A Christmas Carol — I’m speaking of course of the Alister Sim version from 1951. The Charles Dickens classic offers much in the way of redemption. Ebenezer Scrooge, a local business legend is accosted by the ghost of his former business partner Jacob Marley. Marley’s ghost warns Scrooge that if he doesn’t give up his mean, vindictive, and miserly ways, he will forever walk the earth as a fettered spirit. Marley sends to Scrooge three spirits in order to give the old miser the ultimate attitude adjustment. It works, and Scrooge spends the rest of his days allegedly happy as he is forced to kiss the ass of his supposedly poor nephew, (Who lives in a huge house with a servant.) and his bumbling clerk, one Bob Cratchit, who is also living in poverty. It should be noted however, that despite his meager earnings, Cratchit appears to have no issue with pumping out a veritable colony of children who it would seem he is barely able to take care of. The lessons to be on the lookout for here include…
- No matter how much of a prick you are, you can still find redemption. Since Scrooge was a good few years older than I am now, I have plenty of time to clean up my act.
- Apparently, if you give people money, all is forgiven, but if you ask for people to pay you back, you are a selfish miser.
- It is absolutely to your benefit to eavesdrop on people you know so you can find out what they really think of you, and what they do inside the supposed privacy of their own homes.
It’s a Wonderful Life — Perhaps the most famous Christmas movie in cinematic history. It should be noted though that very little of the action actually takes place at Christmas. The story for those of you who literally have no soul deals with the plight of one George Bailey, (Played by Jimmy Stewart) a good man with a lot of talent, but who ends up getting trapped in his one-horse of a hometown, Bedford Falls, New York. (Many have tried to guess what town Bedford Falls was supposed to be, my wife who’s from Jamestown, New York has always maintained that it was in fact Jamestown) He gets in financial trouble through no fault of his own, and almost ends up in prison. He loses faith and wishes he had never been born, only to be saved by a bumbling angel by the name of Clarence. Clarence allows George to see what life would have been like without him, and he begs for a second chance. The townsfolk, who owe their lives to George bail him out, and he is declared the “Richest man in town.” There are several nuggets of sage advice worth heeding in this holiday favorite, including…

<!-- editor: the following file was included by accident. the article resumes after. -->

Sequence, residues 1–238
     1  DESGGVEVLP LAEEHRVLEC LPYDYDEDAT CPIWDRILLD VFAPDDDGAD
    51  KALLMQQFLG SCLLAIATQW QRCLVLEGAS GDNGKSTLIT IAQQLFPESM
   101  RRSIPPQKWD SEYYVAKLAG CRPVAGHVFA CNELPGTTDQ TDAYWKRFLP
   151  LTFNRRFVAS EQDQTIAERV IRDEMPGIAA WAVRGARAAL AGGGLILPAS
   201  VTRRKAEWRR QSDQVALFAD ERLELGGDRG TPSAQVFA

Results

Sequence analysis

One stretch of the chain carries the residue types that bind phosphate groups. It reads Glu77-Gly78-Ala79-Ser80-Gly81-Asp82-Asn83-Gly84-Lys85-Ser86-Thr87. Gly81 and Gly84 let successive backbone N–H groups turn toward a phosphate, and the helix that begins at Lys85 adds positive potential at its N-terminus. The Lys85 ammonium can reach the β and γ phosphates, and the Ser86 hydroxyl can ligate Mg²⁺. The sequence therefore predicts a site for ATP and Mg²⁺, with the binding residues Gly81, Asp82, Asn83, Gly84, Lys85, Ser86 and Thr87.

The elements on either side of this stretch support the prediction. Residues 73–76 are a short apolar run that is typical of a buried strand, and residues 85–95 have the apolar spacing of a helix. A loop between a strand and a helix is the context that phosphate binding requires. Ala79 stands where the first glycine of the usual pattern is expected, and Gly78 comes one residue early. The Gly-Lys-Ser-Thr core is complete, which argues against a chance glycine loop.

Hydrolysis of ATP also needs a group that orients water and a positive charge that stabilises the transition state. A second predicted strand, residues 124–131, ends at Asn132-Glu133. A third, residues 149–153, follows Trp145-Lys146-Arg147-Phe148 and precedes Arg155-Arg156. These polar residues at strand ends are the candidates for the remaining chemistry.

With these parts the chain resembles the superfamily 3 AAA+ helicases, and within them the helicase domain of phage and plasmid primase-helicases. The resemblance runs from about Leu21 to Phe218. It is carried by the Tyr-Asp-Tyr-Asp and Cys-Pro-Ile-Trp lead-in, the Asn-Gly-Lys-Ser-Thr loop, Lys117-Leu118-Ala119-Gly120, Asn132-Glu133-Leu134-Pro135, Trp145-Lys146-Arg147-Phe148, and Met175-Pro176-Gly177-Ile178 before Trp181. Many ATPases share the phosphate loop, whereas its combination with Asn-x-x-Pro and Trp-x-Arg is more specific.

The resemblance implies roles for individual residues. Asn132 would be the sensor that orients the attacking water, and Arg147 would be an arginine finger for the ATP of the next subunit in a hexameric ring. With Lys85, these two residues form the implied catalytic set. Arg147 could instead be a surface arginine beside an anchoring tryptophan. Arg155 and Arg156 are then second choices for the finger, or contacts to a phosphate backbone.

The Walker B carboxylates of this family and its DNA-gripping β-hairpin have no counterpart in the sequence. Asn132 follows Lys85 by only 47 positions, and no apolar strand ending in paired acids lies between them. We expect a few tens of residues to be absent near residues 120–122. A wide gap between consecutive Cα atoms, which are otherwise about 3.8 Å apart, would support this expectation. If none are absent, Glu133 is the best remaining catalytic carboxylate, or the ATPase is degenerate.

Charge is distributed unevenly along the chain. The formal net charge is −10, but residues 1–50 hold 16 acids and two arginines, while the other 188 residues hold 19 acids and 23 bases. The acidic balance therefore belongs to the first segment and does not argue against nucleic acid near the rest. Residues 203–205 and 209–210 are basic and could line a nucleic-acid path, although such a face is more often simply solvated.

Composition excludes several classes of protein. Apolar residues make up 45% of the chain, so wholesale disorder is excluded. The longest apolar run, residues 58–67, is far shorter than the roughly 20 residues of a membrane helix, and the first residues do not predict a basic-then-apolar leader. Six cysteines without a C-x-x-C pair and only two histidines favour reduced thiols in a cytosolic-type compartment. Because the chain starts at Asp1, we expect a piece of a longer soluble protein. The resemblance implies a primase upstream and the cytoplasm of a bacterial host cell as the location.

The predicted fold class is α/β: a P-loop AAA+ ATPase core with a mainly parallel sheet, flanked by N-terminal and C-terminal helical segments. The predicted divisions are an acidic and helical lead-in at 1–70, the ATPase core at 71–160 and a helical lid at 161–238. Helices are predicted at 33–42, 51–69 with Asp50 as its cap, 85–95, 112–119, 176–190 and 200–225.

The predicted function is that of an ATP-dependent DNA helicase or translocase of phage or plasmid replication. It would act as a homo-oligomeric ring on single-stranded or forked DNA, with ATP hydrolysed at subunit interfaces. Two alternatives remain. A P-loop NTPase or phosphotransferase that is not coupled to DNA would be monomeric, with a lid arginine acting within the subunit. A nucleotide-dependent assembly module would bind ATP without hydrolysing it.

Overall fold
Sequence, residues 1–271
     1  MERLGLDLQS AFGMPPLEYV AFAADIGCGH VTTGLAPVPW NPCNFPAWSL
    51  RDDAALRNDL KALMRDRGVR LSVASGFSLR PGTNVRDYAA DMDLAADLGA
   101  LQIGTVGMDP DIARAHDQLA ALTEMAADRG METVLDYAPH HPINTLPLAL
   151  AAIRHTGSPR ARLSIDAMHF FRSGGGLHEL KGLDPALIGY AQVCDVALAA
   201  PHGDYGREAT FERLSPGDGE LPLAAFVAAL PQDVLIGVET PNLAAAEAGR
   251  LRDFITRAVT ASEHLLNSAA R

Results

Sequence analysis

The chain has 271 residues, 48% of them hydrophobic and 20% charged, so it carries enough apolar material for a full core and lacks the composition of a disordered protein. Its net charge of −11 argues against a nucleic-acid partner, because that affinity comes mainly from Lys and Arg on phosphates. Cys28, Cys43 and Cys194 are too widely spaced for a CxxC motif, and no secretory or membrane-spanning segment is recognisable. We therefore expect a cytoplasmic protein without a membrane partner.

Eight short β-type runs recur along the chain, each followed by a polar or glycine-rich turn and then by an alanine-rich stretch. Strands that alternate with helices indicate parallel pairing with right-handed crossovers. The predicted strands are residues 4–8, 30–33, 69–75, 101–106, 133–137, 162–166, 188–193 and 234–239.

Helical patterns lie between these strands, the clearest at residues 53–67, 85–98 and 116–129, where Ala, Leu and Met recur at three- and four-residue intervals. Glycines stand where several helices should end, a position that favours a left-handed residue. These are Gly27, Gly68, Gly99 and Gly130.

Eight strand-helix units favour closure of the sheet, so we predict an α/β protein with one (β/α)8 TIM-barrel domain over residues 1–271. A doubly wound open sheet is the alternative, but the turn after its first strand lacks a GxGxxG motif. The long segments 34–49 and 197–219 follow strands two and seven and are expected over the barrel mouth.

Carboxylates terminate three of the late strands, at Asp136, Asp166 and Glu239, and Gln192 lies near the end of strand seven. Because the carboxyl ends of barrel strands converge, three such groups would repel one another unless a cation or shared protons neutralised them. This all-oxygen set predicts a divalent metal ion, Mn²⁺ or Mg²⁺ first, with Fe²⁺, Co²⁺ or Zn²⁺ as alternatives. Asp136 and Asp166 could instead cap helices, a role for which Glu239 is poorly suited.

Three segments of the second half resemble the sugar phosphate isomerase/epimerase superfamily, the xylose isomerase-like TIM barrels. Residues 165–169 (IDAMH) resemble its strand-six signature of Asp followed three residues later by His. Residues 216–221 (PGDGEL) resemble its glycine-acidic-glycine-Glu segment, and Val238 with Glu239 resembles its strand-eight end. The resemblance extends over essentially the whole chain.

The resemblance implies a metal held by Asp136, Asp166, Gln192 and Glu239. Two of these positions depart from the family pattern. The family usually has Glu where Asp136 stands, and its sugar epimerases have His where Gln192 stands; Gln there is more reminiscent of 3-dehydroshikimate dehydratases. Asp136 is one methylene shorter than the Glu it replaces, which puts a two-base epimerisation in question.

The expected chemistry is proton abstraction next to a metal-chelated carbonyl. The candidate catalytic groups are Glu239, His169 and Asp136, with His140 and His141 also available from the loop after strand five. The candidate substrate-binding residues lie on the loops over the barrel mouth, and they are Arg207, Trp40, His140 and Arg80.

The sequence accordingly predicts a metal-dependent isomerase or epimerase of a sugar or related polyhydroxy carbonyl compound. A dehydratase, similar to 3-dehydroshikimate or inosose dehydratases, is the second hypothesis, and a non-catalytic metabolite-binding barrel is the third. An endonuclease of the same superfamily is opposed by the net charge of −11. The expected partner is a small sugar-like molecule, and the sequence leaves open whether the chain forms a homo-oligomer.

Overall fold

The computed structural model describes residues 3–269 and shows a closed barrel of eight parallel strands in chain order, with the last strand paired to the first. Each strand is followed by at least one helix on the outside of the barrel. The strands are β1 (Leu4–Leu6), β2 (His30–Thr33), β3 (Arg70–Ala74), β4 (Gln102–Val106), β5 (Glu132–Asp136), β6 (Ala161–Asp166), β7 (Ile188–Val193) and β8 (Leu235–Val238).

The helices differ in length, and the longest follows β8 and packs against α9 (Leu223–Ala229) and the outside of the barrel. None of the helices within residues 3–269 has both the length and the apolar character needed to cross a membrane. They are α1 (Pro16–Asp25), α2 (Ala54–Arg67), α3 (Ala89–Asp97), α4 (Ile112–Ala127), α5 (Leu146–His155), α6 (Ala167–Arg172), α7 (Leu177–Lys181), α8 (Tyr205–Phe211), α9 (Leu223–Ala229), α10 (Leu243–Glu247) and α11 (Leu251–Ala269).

- George could have been a millionaire many times over if he had taken the business offer extended to him from his very rich and successful friend, Sam Wainwright. If your friends offer you a business deal, and they’re already rich…take it!
- When you are about to leave on your honeymoon, and the town has gone completely insane due to a “bank run,” you might as well go enjoy yourself. Your problems will still be there when you return. When my wife and I were returning from our honeymoon in 1987, the stock market crashed. Whatever?
- If you want to get some action, and you’re 22 years old, go to a high school dance. George had his choice of “babe’s” at the dance, and ended up with Donna Reed. Nothing wrong with that.
A Christmas Story — A modern cautionary tale of wanting something so bad, that nothing else seems to matter. Little Ralphie wished more than anything else in 1940s Indiana for a Red Rider, carbine action, two hundred shot range, model air-rifle. His parents, and practically every adult Ralphie encounters warns him that he shouldn’t be allowed to have such a dangerous toy out of fear that he will shoot his eye out, which he eventually does when he gets the rifle for Christmas. There are lessons for both young and old in this 1980s fan favorite.
- For starters, obviously, be careful what you ask for. Ralphie almost ended up like Sammy Davis Jr.
- Always have a good Chinese restaurant in reserve in case your Christmas dinner is ruined, as Ralphie’s family learned the hard way. Of course, all Jewish families are well aware of this.
- Never, never, ever stick your tongue on a frozen metal pole in winter…unless you’ve been dared of course.
Scrooged — This Bill Murray tour-de-force, may not be his funniest movie, but this modern take on A Christmas Carol successfully updates the Dickens’s classic, and brings together the talents of Michael J. Pollard, Robert Mitchum, and Buster Poindexter. If that’s not eclectic casting, I don’t know what is. It is also a movie with valuable advice for all, including…
- Try not to fire workers right before Christmas. There’s a good chance they will return drunk with a rifle, and a score to settle
- Don’t cast Buddy Hackett as Ebenezer Scrooge, ever, for any reason.
- If somebody gives you several pounds of veal for Christmas, consider yourself blessed.
The Communists have their “Manifesto,” the Jews have their Talmud, the Muslims have their “Five Pillars,” the Buddhists have their “Four Noble Truths,” but in America we have our Hollywood elites giving us pearls of wisdom one Christmas movie at a time. God bless us all….everyone, and be careful you don’t shoot your eye out.